Grasshopper Soup: Wanderlust unfolds like a lotus flower
Special to the Sun
TAHOE/TRUCKEE and#8212; Wanderlust describes my life fairly accurately, so I didnand#8217;t need to go to the commercial version in Squaw Valley last weekend. I was told it was a splendid array of music, shared, spontaneous delight and exquisite people watching. The event offered certain forms of yoga as well as a satisfying variety of music, tight security and medical assistance.
I was quite content to stay home and let the younger generations experience the grand novelty of what we called a and#8220;Be-inand#8221; in the sixties, though I did not miss Hot Buttered Rum at Commons Beach Sunday, which was great, but not as eventful as Wanderlust.
Capitalism has always been quick to take advantage of youthful idealism and gatherings. Good for capitalism, which is just another lovely petal of the lotus flower, the yoga symbol of universal beauty, unity and cosmic consciousness.
By most accounts, Wanderlust did not fail to satisfy. But the event was slightly marred by some sort of miscommunication, or bureaucratic snag, between event organizers, attendees and Squaw Valley ticket sales. A couple hundred Wanderlusters showed up without Cable Car passes. Apparently, the Cable Car tickets were supposed to be included in their package deal. Many of them became irate and proceeded to inflict a barrage of verbal abuse on innocent ticket sellers, who were caught completely off guard by the glitch, and thought they were supposed to collect money. Apparently, the stranded Wanderlusters thought they were being deliberately ripped off, as if they had never experienced human error before. At least they were in the right place to take advantage of yoga instruction in the art of meditation and the fundamentals of dharma.
Support Local Journalism
Dharma is a Hindu (and Buddhist) word used to explain the way things are in the universe (like lost tickets), and the actions of humans. Thereand#8217;s more to it than that, and yoga instructors and speakers are well versed in the spiritual lingo of yoga. They use their knowledge and charisma to attract more paying customers. Hopefully they were able to pacify some of the unnecessarily disgruntled minds done in by the ticket foul-up.
Some people also complained of Wanderlusters stripping down to their underwear to jump in the overcrowded High Camp swimming pool. Too bad I missed that.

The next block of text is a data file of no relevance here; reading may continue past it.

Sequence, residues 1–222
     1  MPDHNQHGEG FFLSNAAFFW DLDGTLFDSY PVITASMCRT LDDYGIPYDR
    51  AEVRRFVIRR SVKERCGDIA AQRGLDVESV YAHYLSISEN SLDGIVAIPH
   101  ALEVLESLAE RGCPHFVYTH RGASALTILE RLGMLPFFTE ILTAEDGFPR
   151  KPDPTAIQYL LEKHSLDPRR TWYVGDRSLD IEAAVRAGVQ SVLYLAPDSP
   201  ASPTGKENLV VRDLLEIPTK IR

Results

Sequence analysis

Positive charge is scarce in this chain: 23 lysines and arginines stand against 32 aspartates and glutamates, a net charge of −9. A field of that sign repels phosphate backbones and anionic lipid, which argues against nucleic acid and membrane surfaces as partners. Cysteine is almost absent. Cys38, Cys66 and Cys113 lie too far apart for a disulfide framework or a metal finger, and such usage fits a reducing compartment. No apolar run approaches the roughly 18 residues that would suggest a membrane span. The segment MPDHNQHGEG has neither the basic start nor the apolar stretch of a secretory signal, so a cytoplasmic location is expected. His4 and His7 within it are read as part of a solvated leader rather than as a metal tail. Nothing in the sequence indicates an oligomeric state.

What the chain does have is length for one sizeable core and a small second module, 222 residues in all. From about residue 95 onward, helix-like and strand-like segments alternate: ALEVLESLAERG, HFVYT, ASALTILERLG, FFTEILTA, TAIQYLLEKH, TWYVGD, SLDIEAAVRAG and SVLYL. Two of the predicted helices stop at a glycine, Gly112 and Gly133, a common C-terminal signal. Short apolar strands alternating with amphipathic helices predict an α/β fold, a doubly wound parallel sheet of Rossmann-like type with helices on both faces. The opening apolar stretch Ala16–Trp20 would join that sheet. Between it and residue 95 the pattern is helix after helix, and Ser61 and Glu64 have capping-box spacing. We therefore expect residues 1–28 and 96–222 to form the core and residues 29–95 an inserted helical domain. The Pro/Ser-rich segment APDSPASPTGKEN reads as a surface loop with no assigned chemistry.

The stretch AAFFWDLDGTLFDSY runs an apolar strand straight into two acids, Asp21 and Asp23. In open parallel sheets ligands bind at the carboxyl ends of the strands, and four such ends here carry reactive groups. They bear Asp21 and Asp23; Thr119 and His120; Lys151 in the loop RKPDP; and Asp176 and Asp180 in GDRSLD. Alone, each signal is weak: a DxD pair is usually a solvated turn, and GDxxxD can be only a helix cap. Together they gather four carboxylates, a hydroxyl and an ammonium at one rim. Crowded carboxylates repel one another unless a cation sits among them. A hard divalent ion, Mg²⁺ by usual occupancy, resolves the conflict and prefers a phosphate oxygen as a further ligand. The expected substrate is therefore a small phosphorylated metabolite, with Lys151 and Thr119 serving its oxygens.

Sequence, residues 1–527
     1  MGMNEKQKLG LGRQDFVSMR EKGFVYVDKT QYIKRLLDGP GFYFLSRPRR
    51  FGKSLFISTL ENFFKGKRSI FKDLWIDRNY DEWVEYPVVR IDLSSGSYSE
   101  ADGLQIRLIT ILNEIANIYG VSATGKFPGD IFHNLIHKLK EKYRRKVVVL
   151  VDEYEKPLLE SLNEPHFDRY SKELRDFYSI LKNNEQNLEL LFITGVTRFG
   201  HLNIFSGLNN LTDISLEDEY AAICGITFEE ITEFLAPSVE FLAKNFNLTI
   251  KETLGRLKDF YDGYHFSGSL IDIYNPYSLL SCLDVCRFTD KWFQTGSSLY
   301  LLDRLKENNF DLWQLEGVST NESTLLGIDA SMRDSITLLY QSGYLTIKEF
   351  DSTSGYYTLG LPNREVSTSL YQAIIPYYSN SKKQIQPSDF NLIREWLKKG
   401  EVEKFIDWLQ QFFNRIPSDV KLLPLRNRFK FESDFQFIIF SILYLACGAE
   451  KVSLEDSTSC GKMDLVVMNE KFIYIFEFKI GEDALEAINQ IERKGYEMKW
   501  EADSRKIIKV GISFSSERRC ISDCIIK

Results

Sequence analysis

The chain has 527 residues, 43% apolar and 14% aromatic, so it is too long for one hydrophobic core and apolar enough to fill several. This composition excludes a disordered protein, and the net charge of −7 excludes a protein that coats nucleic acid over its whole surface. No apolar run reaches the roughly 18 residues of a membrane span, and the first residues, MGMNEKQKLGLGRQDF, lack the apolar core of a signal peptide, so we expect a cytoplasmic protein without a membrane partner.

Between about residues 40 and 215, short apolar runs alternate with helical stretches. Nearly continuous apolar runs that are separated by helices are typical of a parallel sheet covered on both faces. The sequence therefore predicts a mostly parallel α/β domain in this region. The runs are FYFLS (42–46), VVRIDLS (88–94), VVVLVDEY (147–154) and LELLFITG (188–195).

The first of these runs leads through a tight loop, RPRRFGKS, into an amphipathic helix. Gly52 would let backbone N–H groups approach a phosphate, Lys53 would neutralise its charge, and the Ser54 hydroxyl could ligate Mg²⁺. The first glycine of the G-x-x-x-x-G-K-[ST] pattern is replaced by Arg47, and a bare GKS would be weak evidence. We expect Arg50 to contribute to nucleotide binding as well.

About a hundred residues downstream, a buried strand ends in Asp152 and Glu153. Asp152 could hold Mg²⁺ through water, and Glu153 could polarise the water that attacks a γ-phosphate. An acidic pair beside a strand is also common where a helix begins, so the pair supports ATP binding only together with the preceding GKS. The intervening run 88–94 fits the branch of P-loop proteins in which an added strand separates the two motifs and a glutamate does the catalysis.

Yoga and commercialism are not necessarily mutually exclusive, unless you interpret them to be contrary, which is not hard to do. The yoga principle of non-attachment to things was meant to draw aspiring yogis inward to the soul, not outward to the store.
But when your inside is out and your outside is in, it doesnand#8217;t make any difference where you go, does it? What good is yoga if it isnand#8217;t just as confusing as any other human attempt to transcend the material world and become one with everything? Thatand#8217;s what the yogi said to the hot dog vendor, and#8220;Make me one with everything.and#8221;
Not everyone went to Wanderlust for yoga and enlightenment. The ticket snafu went largely unnoticed by the majority of happy people who were there just for the music.
Thirty years ago I was in a six-week yoga apprenticeship at a place called Ananda, near Nevada City. The food was great, and I learned a lot. I went to hear the head yogi, Swami Kriyananda (Donald Walters) speak. He was rudely interrupted by a crying baby. He said, and#8220;Can you shut that kid up? Hit him over the head with a stick or something.and#8221; He beamed as his followers laughed nervously. Only the baby seemed to be one with everything.
and#8220;Enlightenment and debauchery,and#8221; which is how Wanderlust was described by one local who worked the event, often share the same stage. They try to steal the spotlight from one another. Order and chaos are twins, unfolding from the beautiful flower we call life.
Bob Sweigert is a Sierra Sun columnist, published poet, former college instructor and ski instructor. He has a B.A. and an M.A.T. from Gonzaga University. He has lived at Lake Tahoe for 28 years.
Support Local Journalism
Readers around Lake Tahoe, Truckee, and beyond make the Sierra Sun's work possible. Your financial contribution supports our efforts to deliver quality, locally relevant journalism.
Now more than ever, your support is critical to help us keep our community informed about the evolving coronavirus pandemic and the impact it is having locally. Every contribution, however large or small, will make a difference.
Your donation will help us continue to cover COVID-19 and our other vital local news.
Start a dialogue, stay on topic and be civil.
If you don't follow the rules, your comment may be deleted.